First Building Society To Publish The Carbon Footprint Of Its Lending
Ecology is the first building society to publish the carbon footprint of its residential mortgage lending.
In order to calculate the carbon footprint, or ‘financed emissions’, arising from our lending, we have applied the new Global Greenhouse Gas Accounting and Reporting Standard which was developed by the Partnership for Carbon Accounting Financials (PCAF) and launched in November 2020. Financed emissions arise from the burning of fossil fuels (mainly gas) to heat and power mortgaged properties.
By reporting our financed emissions, we’re adding our weight to the growing momentum for all banking providers to measure and disclose their emissions. This will be critical as the financial sector supports the transition to a net-zero economy to meet the Paris targets.
The move to calculate the emissions from our sustainable lending is in addition to our long-standing commitment to measure and report the carbon footprint from our day-to-day business operations including the energy used to heat our offices, purchasing supplies as well as commuting and travel. We offset these operational emissions through accredited tree planting schemes.
Ecology became one of the first members of PCAF UK group, when it formed in 2020. We are co-chairing the Residential Property working group which is developing and sharing best practice on measuring emissions from mortgaged properties with a view to improving the methodology. The group plans to launch a report at COP26, building momentum for more banking providers to transparently measure and disclose their emissions. Reporting emissions from residential property also helps to focus attention on the condition of the UK housing stock, and the growing need for an urgent national programme of renovation, if net zero targets are to be met.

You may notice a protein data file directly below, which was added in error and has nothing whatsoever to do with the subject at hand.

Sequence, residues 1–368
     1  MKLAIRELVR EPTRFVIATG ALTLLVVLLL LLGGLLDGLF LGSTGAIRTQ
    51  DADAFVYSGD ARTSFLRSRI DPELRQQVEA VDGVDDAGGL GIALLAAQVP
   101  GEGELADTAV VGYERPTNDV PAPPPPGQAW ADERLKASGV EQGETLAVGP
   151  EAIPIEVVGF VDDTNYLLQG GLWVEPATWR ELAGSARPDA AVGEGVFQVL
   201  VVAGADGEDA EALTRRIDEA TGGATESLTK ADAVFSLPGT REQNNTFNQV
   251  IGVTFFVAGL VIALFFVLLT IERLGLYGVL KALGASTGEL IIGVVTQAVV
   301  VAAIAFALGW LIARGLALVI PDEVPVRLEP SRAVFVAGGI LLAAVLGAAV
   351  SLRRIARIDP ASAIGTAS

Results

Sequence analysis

Alison Vipond, Ecology’s Sustainability lead explains,
“To achieve net-zero we need to unlock the financial solutions required to transition to a low carbon economy.
“Measuring our financed emissions using the PCAF methodology gives us a better understanding of our current mortgage portfolio. We are using this to help develop our net zero plan, especially to target and improve energy inefficient properties.
“We’re looking forward to sharing our experience with other banking providers at COP26 so that they can join us and use the carbon accounting approach to focus on building a sustainable future.”
Published: 24 June 2021
Author: Jennifer Whiteside